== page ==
Ontario Records Checklist – 2 Key Requirements


Employment records must be maintained by employers in every workplace in Canada. These requirements are found in different legislation, including health and safety, employment standards, and accessibility legislation. Depending on your jurisdiction, there may also be record-keeping requirements under pay equity, privacy, and labour relations legislation. And the specific requirements vary by jurisdiction.

What’s more, requirements often change. Employers should periodically review their record-keeping requirements to make sure they are keeping the right records, for the right amount of time. Failure to  comply with these requirements can lead to enforcement action, including penalties and fines, or law suits including class actions (improper record keeping was a key issue in a recent class action).

To help HR compliance professionals implement these requirements effectively, Compliance Works has published this new Ontario Records Checklist. This Compliance Works Checklist is the latest in a series of new tools for HR compliance professionals designed to ensure the workplace is in compliance with fundamental HR requirements. Future posts will cover other jurisdictions in Canada.

Download your Compliance Works Ontario Records Checklist now!

When it comes to Ontario records, there are two key requirements:

  1. To create and maintain certain records; and
  2. To retain those records for the required time period.

Our Ontario Records Checklist addresses both of these requirements.

Ontario Records Checklist

Health and Safety

  • Accident, injury, illness and/or death reports (kept for  at least 3 years)
  • First aid reports, which must include the date and time of the incident, the names of witnesses, the nature and exact location of the injuries to the worker and the date, time and nature of each first aid treatment given. There is no retention period specified for these records.
  • Employers must maintain records of the basic occupational health and safety awareness training completed by workers and supervisors.
  • If a worker/supervisor completes a training program and requests proof of completion, the employer must provide them with written proof, including up to 6 months after no longer working for the employer.

Employment Standards

All records, other than relating to vacation, must be kept for 3 years. The commencement of the time period varies depending on the record.

  • From the date the employee is no longer employed
    • The employee’s name and address.
    • The date on which the employee began employment.
  • From the day or week to which the information relates
    • The dates and times that the employee worked.
    • The dates and times that the employee worked overtime at each rate of pay, if the employee has two or more regular rates of pay for work performed for the employer and, in a work week, the employee worked overtime.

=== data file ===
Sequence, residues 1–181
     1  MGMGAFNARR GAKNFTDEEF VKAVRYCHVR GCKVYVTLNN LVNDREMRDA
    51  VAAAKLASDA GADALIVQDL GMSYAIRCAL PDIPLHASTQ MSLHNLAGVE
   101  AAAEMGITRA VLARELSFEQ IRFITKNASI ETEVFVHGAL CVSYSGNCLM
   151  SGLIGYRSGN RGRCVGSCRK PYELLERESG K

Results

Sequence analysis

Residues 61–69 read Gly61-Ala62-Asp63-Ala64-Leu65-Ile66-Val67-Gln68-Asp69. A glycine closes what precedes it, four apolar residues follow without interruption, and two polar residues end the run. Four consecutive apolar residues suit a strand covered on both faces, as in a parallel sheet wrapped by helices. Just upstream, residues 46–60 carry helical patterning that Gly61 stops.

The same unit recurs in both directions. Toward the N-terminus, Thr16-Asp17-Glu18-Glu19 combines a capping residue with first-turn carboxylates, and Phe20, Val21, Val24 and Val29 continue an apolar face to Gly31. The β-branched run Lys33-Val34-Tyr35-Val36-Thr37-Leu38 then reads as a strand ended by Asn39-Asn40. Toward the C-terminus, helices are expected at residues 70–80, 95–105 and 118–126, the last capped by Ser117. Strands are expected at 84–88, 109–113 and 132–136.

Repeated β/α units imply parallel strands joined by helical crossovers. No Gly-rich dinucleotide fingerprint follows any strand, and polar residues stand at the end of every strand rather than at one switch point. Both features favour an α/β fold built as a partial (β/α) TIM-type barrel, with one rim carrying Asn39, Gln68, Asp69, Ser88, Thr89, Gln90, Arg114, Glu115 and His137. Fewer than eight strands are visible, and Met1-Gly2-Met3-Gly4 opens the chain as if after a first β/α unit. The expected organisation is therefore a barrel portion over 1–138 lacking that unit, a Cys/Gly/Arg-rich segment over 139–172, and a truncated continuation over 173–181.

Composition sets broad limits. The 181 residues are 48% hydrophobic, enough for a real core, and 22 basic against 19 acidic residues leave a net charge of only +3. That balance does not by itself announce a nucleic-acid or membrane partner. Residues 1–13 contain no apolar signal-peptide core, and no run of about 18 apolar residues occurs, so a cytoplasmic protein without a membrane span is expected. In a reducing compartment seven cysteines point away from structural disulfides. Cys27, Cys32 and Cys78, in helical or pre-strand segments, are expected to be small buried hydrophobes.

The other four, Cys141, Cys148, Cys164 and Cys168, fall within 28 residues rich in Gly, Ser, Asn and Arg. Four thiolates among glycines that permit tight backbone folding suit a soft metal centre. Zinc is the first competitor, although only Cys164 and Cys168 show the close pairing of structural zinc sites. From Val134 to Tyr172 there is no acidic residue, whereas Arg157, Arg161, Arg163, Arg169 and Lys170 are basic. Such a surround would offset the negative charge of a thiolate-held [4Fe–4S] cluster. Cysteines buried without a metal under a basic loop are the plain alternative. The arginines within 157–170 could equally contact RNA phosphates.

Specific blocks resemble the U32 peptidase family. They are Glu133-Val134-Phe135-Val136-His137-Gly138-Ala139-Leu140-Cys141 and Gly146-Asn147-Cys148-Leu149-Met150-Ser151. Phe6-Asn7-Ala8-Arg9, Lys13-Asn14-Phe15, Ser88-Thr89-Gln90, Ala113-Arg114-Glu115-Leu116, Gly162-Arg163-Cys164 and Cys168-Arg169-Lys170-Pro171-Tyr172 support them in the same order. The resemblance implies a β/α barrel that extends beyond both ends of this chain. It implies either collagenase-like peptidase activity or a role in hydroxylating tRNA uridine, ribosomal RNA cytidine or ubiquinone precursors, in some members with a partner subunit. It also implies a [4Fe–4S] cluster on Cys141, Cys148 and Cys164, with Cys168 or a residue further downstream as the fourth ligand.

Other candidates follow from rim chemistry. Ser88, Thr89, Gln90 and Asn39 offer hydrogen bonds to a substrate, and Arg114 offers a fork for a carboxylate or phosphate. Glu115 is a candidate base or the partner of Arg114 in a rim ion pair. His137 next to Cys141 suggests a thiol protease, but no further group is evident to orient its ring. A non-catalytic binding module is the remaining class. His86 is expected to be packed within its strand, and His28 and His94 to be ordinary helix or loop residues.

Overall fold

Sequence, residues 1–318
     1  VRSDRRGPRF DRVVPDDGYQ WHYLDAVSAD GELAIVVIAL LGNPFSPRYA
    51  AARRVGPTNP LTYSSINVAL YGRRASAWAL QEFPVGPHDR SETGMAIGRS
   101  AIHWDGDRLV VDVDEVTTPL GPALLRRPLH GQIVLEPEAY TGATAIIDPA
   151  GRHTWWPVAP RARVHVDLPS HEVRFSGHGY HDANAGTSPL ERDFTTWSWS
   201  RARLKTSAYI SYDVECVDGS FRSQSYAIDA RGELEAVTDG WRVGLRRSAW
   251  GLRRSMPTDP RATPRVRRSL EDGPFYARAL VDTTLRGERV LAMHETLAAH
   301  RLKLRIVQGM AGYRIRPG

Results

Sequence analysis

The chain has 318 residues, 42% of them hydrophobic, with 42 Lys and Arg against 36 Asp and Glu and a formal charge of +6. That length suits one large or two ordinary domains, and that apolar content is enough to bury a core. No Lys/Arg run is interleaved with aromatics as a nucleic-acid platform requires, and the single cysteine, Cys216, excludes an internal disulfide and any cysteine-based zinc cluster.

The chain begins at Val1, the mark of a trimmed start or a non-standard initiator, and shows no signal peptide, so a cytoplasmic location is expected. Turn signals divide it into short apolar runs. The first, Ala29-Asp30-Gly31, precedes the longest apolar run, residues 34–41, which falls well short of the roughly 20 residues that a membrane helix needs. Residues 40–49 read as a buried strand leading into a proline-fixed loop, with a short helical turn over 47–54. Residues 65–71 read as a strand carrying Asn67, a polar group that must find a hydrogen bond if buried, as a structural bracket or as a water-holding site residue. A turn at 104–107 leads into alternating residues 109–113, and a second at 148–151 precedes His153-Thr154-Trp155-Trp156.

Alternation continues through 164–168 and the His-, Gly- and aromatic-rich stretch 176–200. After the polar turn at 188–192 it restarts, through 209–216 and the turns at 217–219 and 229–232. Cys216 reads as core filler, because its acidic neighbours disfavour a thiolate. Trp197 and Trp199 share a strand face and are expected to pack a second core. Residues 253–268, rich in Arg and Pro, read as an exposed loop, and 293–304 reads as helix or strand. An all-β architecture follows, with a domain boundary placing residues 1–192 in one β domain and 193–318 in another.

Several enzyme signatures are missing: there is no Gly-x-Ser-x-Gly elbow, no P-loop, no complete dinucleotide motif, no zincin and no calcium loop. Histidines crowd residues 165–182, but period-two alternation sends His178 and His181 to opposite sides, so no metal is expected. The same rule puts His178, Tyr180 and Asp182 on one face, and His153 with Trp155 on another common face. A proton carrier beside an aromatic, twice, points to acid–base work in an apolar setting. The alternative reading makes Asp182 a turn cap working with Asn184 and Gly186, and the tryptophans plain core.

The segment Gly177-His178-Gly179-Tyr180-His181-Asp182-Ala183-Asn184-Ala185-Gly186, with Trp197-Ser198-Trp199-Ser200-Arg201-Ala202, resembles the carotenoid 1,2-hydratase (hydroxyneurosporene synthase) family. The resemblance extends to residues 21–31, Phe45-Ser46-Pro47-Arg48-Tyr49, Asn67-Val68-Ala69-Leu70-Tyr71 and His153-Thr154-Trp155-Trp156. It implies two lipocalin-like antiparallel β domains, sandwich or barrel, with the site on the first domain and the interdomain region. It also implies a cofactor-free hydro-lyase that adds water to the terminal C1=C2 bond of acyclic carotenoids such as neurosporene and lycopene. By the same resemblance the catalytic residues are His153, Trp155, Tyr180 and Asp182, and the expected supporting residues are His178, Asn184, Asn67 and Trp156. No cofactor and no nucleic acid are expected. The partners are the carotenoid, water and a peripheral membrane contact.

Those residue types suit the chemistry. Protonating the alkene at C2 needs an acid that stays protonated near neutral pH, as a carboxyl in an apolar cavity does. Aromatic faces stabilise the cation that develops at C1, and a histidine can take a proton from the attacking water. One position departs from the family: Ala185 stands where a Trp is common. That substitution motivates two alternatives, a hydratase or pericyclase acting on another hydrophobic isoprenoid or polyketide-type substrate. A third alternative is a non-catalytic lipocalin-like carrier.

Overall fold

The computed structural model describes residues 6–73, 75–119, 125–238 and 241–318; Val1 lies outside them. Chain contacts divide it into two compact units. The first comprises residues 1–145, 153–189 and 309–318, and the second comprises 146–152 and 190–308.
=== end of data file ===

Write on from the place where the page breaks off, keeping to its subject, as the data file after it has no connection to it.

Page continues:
• The number of hours the employee worked in each day and in each week.
  • From the date the information was given to the employee
    • The information contained in any written statements given to the employee.
  • From the date on which the leave expired
    • All documents related to any leaves of absence (employers must ensure confidentiality of leave records related to domestic and sexual violence leave).
  • From the last day on which work was performed under the agreement
    • All overtime agreements.
    • All averaging agreements.
  • From the date the policy ceases to be in effect
    • Copies of every written policy on disconnecting from work (if required).
    • Copies of every written policy on electronic monitoring (if required).
  • From the date the record was made
    • All records regarding vacation time and vacation pay (these must be kept for 5 years from the date the record was made).


  • Private sector organizations with 50+ employees and the Public Sector must keep training records, including training dates and number of individuals to whom training is provided. There is no retention period specified.

Note – you may be subject to additional record keeping requirements under other legislation, including  Labour Relations legislation (if applicable).

How Compliance Works Helps HR Professionals

Compliance with constantly changing employment laws can be challenging and time consuming. Compliance Works explains current employment legislation and stays on top of changes to employment laws – across Canada. Use Compliance Works to quickly answer questions with confidence, knowing that all of the requirements have been pulled together in one easy summary.

Contact us to Request a Demo , subscribe to Compliance Works publications, or email us at info@complianceworks.ca to learn how a paid subscription to Compliance Works can help your HR team succeed.

Ontario records

About the author

Gayle Wadden
Gayle Wadden CLO, Compliance Works
Gayle Wadden is a senior lawyer with deep experience in employment and corporate law. She is responsible for overseeing Compliance Works’ legal content.

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